Suddenly Shopping

26 02 2012

It’s funny how everyone likes to talk about how easy online shopping is compared to its brick-and-mortar counterpart. But anyone who tries to buy merchandise from multiple outlets on the same day knows that even the modern, newfangled convenience of e-commerce can become a taxing situation. Having to enter (and re-enter) personal information and credit card numbers each and every time you buy something can start to become time-consuming.

Which is why Suddenlee shopping makes so much sense. It brings over 300 online shops together under one account, and provides next-day delivery of your purchases all in one box. It’s not a whole lot different from local restaurant delivery firms that bring together the entrees of many food service providers.

As I tell my students, never assume that all the innovations have been made. Each change, regardless of how continuous or discontinuous, brings with it a whole slew of new problems and opportunities. This is yet another example. E-commerce may have allowed us to shop in our pajamas, but all that clicking could lead to carpal tunnel syndrome.

The only problem with Suddenlee is that it’s only available in the northeast US. Everyone else will have to wait while the company figures out how it can expand.

Here’s how it works: Suddenlee has partnered with several hundred vendors (some of which do not even sell goods online), to create a virtual shopping mall. Once your order is placed, Suddenlee sends employees out to purchase the items from a tree-state area (PA, NJ and NY). Standard overnight shipping rates apply; Suddenlee adds $2.50 for each purchase you make starting with the third vendor.

The consolidation that Suddenlee provides (not to mention overnight delivery) is a huge attraction, and no doubt one that consumers in the current service area like. I suspect there are many people throughout the rest of the US awaiting expansion into new markets. By being able to put all purchases into one box, the customer saves money on shipping.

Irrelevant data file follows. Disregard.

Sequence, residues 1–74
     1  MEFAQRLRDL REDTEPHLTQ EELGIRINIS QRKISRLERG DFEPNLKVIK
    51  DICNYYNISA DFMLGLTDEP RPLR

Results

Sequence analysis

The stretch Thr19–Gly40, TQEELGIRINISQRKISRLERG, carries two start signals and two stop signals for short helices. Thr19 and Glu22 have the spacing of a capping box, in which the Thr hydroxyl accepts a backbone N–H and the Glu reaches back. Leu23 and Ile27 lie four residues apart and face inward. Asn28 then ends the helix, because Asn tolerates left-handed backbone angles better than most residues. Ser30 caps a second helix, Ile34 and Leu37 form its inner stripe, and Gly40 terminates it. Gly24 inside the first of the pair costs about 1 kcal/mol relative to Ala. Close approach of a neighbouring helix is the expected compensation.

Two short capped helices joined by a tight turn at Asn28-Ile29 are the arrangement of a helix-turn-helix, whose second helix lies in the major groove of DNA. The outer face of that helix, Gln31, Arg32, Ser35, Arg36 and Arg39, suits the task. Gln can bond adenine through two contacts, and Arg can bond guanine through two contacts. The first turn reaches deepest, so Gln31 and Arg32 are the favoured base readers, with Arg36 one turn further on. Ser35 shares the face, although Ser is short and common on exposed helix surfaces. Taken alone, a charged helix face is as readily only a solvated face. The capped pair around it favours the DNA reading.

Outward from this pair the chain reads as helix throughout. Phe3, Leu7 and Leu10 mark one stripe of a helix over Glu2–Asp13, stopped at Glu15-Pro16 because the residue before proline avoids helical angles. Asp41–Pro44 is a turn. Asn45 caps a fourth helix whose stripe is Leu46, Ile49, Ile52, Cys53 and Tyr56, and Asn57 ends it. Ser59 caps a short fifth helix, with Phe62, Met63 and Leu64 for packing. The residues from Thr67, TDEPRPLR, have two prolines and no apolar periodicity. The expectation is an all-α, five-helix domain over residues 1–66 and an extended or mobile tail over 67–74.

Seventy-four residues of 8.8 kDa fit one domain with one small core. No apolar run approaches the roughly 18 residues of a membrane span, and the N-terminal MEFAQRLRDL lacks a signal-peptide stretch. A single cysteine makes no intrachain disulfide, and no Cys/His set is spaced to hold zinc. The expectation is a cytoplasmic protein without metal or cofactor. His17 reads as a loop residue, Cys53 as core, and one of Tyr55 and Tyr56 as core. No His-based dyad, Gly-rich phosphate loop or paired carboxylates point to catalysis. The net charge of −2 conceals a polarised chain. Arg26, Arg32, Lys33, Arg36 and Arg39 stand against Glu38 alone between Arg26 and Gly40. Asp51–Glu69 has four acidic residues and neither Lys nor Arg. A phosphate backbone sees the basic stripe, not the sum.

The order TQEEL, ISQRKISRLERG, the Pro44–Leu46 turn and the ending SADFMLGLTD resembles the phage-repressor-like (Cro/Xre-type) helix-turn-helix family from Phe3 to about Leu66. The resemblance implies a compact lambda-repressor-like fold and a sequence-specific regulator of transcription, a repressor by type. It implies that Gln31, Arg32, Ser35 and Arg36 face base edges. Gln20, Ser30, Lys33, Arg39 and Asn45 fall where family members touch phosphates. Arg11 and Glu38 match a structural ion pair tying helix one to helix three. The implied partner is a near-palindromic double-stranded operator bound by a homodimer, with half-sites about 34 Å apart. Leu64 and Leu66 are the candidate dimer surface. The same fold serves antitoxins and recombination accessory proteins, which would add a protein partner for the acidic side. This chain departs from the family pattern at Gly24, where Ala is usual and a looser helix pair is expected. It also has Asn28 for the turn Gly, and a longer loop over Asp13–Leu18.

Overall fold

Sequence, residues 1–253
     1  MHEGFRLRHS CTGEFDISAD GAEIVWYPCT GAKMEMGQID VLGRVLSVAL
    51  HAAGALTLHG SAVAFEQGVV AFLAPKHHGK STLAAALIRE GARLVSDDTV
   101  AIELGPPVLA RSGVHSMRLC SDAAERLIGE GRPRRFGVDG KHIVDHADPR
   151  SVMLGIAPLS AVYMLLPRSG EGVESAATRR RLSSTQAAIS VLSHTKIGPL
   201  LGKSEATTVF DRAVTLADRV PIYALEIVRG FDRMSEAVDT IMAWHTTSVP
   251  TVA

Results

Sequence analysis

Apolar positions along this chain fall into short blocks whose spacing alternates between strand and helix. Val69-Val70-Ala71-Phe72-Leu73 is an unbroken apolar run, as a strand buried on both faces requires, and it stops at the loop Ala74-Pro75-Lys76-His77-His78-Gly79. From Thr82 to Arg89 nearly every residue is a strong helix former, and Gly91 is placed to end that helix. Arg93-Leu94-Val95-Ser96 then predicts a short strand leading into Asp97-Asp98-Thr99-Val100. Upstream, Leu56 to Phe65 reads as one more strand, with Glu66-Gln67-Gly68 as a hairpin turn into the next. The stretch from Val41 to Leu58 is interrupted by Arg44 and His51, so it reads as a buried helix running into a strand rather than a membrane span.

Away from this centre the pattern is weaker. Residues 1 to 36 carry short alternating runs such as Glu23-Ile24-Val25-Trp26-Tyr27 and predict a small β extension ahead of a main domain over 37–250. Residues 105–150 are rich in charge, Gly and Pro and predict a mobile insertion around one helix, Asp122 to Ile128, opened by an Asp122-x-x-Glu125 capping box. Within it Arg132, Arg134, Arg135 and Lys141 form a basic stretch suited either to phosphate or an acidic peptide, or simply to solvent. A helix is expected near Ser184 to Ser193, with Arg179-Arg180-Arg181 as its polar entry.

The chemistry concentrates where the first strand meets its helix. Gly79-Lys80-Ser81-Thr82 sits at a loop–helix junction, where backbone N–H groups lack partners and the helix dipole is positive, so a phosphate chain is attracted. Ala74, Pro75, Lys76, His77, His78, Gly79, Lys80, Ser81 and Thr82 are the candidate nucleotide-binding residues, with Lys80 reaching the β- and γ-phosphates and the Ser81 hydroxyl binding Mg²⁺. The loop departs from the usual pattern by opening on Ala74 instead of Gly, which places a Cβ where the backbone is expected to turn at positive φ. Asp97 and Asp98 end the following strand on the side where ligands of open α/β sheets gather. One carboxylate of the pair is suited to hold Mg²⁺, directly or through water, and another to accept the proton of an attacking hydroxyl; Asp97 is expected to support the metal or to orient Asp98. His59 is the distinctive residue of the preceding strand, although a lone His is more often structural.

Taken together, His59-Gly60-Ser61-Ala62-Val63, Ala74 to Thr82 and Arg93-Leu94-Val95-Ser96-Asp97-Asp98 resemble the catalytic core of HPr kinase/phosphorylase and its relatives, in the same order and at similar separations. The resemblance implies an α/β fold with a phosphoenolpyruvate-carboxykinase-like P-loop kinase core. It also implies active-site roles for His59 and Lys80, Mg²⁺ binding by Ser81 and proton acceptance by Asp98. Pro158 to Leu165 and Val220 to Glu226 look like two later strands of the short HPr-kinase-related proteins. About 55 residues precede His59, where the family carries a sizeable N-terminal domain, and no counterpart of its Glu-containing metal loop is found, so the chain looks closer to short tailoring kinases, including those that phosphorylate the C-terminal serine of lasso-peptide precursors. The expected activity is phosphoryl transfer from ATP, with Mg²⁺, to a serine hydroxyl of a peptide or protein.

But for the life of me, I can’t figure out how Suddenlee makes much money on the deal. This is a very labor-intensive service. Covering parts of three states means there’s a lot of running to be done, at a time when gas is increasingly expensive. Unless Suddenlee has negotiated discounts with its vendors (and thus marks up everything) as well as its overnight courier, the margins in this business must be slim. The $2.50 vendor fee only kicks in after the second source, and unless the runner is picking up purchases for many Suddenlee customers at the same time, it could quickly become a fool’s errand.

But I must give some credit where it is due. Bringing the wares of 300 shops together is an admirable feat, and come Christmastime, I can see Suddenlee being inundated with orders. As long as the vendor selection meets my needs, being able to make one transaction is very appealing.

Because in a matter of minutes I could find myself suddenly sleeping. Sure beats having to spend time doing the thing I like the least.

Dr “Delivering The Goods” Gerlich



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